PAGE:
Annie Whitehead

From Wikipedia, the free encyclopedia
Jump to: navigation, search
Photo by Andrew Fawcett

Annie Whitehead (born 16 July 1955[1] in Oldham, Lancashire) is an English jazz trombone player. She is an artist/clinician for Michael Rath Trombones.[2] Her personal instrument is a nickel silver Rath R2.


Annie learned trombone at school; at 14 she was already busy playing with brass bands, local dance groups and the Manchester Youth Jazz Orchestra and began her professional career at sixteen. Among her initial influences were Miles Davis, Charles Mingus and Wayne Henderson. She is also eclectic, playing in pop, classical and other genres as well as jazz.

In the 1970s she moved to London where she found herself in demand. In the following years she worked with Chris McGregor's Brotherhood of Breath, National Health, Carla Bley, Robert Wyatt, Joan Armatrading, Penguin Cafe Orchestra, Chris Rea, Bill Wyman, Elvis Costello, Jah Wobble, ...And the Native Hipsters[3] and others. In 1984 she formed her own band and released her first album as its leader. She was a member of Working Week,[4] has contributed to more than 50 albums and has recorded five albums under her own name.[5][6]

She had been part of the Jazz Jamaican Allstars alongside saxophone player Denys Baptiste and her own band blends reggae rhythms with jazz. In 2003 she played trombone on Robert Wyatt's award-winning album Cuckooland. Lately, she has participated in the Frank Zappa tribute band Zappatistas[7] with jazz guitarist John Etheridge and others. In 2004 BBC Radio 4 called her "one of the country's great trombonists."[8] In 2006, she joined Belgian band The Wrong Object for a series of gigs later documented on the Voiceprint CD, "Platform One". In 2007, she played trombone on most of the tracks contained in Robert Wyatt's album Comicopera.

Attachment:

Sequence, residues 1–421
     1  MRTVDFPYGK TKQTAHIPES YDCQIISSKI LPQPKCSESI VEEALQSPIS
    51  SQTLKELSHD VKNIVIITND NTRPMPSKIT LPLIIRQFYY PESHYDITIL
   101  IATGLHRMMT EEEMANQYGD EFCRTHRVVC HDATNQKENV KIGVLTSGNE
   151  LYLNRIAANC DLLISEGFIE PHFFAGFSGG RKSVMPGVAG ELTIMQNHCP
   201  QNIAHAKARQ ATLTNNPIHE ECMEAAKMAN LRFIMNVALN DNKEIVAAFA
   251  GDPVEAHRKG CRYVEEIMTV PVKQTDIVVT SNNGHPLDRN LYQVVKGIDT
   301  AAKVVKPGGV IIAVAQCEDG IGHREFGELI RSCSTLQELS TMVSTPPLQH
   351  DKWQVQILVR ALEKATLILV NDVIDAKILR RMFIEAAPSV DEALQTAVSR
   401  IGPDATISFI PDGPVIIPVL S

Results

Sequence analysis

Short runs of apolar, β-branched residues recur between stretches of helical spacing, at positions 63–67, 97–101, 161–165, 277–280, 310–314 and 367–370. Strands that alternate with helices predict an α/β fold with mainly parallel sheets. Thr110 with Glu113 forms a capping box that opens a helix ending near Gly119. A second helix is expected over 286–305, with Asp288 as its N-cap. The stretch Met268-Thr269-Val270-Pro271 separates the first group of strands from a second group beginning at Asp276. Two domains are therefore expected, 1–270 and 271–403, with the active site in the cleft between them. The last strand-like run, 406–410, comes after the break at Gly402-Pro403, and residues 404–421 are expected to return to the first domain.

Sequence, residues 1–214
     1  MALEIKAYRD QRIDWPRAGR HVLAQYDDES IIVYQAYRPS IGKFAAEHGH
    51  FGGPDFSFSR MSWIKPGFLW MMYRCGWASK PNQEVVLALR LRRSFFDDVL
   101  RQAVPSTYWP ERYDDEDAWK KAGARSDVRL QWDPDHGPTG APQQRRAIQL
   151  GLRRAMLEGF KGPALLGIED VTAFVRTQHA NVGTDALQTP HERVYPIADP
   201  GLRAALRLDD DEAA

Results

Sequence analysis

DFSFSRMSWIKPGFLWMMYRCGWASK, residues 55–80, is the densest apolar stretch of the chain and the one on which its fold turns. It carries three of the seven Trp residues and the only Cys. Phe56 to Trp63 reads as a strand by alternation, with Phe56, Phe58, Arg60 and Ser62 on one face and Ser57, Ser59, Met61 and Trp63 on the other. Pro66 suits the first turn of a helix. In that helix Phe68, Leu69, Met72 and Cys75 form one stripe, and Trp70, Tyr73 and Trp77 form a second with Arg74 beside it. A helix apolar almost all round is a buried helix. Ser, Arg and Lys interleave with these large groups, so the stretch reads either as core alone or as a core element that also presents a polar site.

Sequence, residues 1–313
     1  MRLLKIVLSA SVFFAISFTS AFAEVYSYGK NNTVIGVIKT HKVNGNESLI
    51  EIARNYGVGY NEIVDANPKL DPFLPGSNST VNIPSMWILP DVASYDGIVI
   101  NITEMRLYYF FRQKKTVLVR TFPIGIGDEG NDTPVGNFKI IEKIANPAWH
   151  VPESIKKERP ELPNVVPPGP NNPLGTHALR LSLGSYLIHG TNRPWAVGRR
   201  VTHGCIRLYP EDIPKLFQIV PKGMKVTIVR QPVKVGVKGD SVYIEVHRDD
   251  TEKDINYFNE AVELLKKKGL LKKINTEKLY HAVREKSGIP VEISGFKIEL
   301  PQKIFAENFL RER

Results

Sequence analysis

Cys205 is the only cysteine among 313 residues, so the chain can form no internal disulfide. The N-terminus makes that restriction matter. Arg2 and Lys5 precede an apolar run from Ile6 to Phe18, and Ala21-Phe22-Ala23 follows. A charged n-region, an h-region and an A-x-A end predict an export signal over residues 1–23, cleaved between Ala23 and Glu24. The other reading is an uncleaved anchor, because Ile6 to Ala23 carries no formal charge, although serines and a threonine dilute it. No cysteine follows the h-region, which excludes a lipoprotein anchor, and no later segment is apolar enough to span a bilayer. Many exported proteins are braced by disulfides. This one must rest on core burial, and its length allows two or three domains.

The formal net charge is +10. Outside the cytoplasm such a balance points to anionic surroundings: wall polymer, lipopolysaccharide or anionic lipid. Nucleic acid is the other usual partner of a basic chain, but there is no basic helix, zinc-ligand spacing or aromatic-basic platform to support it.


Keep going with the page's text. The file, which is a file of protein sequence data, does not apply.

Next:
Whitehead also has worked extensively with her partner, the musician, singer and producer Jennifer Maidman, and teaches jazz at London's Centre for Young Musicians.


  • Mix up 1984
  • This is ...Rude 1994
  • Naked 1997
  • Home 2000
  • The Gathering 2000


See[6] for a list of albums she played on.


  1. ^ Jazz Birthdays
  2. ^ "Artists". Michael Rath Trombones. Michael Rath Trombones. Retrieved 31 January 2015. 
  3. ^ Kellman, Andy. "...And the Native Hipsters". Allmusic. Retrieved 2011-04-15. 
  4. ^ Working Week: Biography - The Workers
  5. ^ Biography at
  6. ^ a b Annie Whitehead > Credits
  7. ^ John Etheridge - The Zappatistas
  8. ^ BBC radio 4

Sources and external links[edit]